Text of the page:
Cradle Adoption Therapist Judy Stigger, LCSW, likes to think of birth families as in-laws for adoptive families and vice-versa. In-law relationships can be complicated; in order for openness to go well, those complications need to be addressed.
Judy gives the top 5 complications families often run into:
1. No call, no show
When your child’s birth parents say they are going to visit or write but don’t come, or arrive very late, your child may be painfully disappointed. This causes many parents to struggle with whether or not to tell their child ahead of time and whether or not to continue making plans with their child’s birth parents.
Keep trying. If you have lost touch, consider contacting The Center for Lifelong Adoption Support at The Cradle for assistance in re-establishing contact. As you schedule a visit or request a picture, explain the benefit for your child. If your child is young, choose a fun activity at the park or zoo where you and your child might enjoy an outing, regardless of who else can join you. For older children, explain your intent and concerns, and ask how much they want to know until their birth parent actually responds.
Consider using a therapist to help you, or your older child, sort through feelings of disappointment at being “abandoned” again, or to assist in outreach to the birth parent. Disappointing your child is not likely the birth parent’s intent, but it may feel that way to a child. And it may be hard for an adopted child to talk to one mom about the other without feeling disloyal or wanting to protect the adoptive parent from their grief.
2. Safety issues
Your child’s birth mom may have an addiction, a belligerent boyfriend or mental health challenges. These instances leave many adoptive parents wondering what, if any, contact should be made with their child because they want to protect them both physically and emotionally.
If visits don’t pose an imminent threat to your child, schedule them, but set boundaries and make sure they are understood. If visits are dangerous or uncomfortable, exchange emails and perhaps phone calls – again, consider boundaries.
3. A messy background story
Adoption can have hard-hitting components to it. The thought of your child being confronted with painfully emotional information can pose a lot of questions: At what point do you want your child to know they were conceived in a rape? How are you going to help the birth mom explained why she placed? If the birth mom lost custody of her other children because of something she did or didn’t do, how much of that story does your child need to know and at what age can they handle it?
Age considerations must be taken into account, but as time goes on your child should know their story – even the most difficult of details. It’s a time many families ask for support and guidance. We can help you develop strategies to best relay the information and support your child as they deal with the reality of their history. Adopted persons often say that the hardest part of the story is that their mom could not raise them – not any specific circumstances.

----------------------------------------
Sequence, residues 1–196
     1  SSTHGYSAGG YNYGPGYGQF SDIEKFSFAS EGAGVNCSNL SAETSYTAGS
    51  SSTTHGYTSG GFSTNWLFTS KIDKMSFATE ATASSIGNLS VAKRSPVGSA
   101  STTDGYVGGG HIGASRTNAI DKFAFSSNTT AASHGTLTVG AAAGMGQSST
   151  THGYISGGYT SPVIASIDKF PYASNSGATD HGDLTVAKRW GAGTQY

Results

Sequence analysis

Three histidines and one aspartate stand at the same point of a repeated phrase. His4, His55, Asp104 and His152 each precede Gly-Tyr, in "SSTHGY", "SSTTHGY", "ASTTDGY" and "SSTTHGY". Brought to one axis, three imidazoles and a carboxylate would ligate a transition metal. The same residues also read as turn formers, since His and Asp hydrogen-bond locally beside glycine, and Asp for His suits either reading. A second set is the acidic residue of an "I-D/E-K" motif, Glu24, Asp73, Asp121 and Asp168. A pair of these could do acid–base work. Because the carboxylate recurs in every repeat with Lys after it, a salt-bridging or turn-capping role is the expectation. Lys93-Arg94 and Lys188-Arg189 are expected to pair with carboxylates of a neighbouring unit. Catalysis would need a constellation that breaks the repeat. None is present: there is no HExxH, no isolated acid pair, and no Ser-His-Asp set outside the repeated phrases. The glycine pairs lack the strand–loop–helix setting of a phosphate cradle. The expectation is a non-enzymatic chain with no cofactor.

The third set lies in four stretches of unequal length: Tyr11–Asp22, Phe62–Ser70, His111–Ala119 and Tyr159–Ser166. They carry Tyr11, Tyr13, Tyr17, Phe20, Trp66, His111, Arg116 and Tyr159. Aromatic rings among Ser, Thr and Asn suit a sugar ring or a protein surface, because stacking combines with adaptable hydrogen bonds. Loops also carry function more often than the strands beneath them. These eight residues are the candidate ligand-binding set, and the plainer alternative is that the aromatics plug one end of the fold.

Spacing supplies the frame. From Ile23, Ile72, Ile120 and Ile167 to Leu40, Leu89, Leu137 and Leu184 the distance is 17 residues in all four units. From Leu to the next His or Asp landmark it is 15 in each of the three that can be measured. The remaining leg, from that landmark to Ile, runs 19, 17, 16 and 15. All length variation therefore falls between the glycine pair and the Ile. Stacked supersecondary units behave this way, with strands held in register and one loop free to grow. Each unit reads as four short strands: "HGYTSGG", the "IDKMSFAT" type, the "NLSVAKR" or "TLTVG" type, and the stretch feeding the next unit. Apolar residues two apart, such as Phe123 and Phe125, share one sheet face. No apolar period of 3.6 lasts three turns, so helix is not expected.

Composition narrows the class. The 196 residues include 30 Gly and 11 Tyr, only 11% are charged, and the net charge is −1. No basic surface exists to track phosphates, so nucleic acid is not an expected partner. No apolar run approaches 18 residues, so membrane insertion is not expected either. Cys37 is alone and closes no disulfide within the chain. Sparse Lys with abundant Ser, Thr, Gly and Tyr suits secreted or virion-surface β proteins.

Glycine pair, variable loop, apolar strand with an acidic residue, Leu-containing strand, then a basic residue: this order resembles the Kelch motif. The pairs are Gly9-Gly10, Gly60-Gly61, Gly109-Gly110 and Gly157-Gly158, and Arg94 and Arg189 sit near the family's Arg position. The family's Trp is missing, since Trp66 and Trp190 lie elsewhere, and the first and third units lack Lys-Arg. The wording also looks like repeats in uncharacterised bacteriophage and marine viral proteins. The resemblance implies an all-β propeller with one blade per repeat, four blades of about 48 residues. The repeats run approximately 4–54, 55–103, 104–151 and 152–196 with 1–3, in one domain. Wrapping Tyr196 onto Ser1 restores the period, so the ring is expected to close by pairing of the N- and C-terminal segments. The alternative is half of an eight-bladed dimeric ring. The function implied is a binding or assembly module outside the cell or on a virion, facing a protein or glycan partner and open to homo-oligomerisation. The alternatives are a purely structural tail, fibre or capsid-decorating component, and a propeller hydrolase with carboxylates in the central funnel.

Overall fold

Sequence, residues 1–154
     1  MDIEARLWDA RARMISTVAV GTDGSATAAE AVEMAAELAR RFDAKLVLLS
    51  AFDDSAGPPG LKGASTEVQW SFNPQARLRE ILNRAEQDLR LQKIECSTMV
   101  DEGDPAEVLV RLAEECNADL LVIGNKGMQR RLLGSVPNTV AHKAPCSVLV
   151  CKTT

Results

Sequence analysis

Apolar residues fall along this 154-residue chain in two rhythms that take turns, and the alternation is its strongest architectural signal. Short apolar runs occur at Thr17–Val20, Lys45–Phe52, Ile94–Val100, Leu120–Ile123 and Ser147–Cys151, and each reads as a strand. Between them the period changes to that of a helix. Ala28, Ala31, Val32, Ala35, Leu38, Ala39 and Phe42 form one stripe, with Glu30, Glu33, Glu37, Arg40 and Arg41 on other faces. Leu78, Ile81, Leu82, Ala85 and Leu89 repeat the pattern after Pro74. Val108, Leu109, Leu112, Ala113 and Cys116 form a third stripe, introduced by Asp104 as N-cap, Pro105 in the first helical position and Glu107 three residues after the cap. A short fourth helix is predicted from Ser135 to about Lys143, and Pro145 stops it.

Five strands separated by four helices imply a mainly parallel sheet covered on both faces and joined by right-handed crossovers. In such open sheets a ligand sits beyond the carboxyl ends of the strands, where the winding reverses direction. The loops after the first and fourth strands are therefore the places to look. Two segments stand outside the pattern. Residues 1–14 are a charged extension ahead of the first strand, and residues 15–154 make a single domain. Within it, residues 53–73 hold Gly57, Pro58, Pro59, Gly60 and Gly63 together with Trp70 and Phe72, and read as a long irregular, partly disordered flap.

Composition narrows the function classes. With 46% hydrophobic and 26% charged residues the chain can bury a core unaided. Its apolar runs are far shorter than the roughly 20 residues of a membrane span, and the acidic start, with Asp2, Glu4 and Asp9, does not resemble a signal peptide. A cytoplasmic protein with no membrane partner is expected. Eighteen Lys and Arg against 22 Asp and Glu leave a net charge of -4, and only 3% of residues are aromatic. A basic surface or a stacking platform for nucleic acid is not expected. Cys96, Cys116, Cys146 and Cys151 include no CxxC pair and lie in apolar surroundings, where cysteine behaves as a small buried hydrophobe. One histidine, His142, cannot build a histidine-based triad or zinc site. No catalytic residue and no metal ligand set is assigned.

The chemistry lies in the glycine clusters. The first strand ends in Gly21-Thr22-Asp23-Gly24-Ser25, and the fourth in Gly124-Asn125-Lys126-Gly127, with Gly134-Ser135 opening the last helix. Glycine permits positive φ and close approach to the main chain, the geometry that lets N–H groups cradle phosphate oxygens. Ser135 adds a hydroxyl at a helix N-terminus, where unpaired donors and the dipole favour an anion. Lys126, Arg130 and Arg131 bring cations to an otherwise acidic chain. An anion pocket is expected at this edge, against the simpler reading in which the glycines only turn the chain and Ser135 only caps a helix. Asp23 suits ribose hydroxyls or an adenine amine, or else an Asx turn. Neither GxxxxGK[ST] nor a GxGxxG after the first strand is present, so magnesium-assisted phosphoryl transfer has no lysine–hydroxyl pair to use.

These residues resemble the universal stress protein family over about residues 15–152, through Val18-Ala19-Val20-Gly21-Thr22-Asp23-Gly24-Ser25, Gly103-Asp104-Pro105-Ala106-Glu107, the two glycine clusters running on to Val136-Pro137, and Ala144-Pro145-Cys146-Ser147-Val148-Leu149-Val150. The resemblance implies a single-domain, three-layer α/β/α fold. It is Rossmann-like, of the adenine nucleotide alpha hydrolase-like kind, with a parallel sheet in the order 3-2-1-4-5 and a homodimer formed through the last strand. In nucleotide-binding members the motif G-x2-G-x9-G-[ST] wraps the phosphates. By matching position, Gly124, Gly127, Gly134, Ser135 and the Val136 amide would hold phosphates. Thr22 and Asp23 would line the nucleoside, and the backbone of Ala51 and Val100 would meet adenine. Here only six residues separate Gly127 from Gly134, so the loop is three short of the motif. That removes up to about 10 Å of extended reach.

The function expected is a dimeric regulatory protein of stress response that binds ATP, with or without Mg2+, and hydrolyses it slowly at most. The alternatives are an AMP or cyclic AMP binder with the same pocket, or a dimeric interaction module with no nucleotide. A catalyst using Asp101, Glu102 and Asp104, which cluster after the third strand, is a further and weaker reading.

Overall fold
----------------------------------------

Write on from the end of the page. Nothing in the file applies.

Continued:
4. Privacy and boundary issues
Sometimes, you don’t find yourself on the same page as your child’s birth parents. Your child’s birth mom might post pictures on Facebook that you don’t want to be viewed publically. She may be too intrusive and show up at your doorstep unannounced. Or she may even be advocating a different set of values to your child. Sharing your expectations and setting boundaries between birth and adoptive families can be tough to handle.
All parties involved need to be reminded that this relationship is in the best interest of your child. Early in your openness, discuss your privacy preferences. Be respectful. Be understanding. Set boundaries that keep your child safe and the lines of the relationship clear. Neither birth nor adoptive parents should be sharing personal details of a child’s life online. That information should be held until the child matures and can have a say.
5. Birth mom isn’t who your child envisioned her to be
Sometimes openness is not what your child expected either. Most kids have a picture of who their birth parents are and many expect to find a birth family that will be the perfect fit. They envision someone who will look and sound like them – someone who they will get and who will get them. Your child may expect to feel an affinity that they don’t feel for their adoptive family, but the birth family may not meet those expectations at all.
Children recognize how they are unlike us in temperament, academic capacity or appearance. They may look to their birth parents for a template and worry they are fated by biology. Listen to your child. Offer understanding and let them know that what they’re feeling is okay – it doesn’t make them a bad person. This is often another time when families will reach out for counseling and support. A counselor can help a child appreciate that he is shaped by his biology, his nurturing AND the choices he makes and habits he practices – from honesty to the oboe.
It’s also important to keep in mind that things may not be going the way birth parents expected. Sometimes there are aspects of openness that adoptive families might not even think of but that are very difficult for birth parents. When coming from such different places it’s easy for everyone to make assumptions, and those assumptions can cause some unanticipated glitches.
Maintaining openness is worth the work, even if it’s hard. It provides your child firsthand knowledge. When it gets more complicated than expected, there are a lot of creative ways to negotiate. If you’re having trouble working things out on your own, don’t hesitate to sit down with a counselor and discuss problem-solving strategies.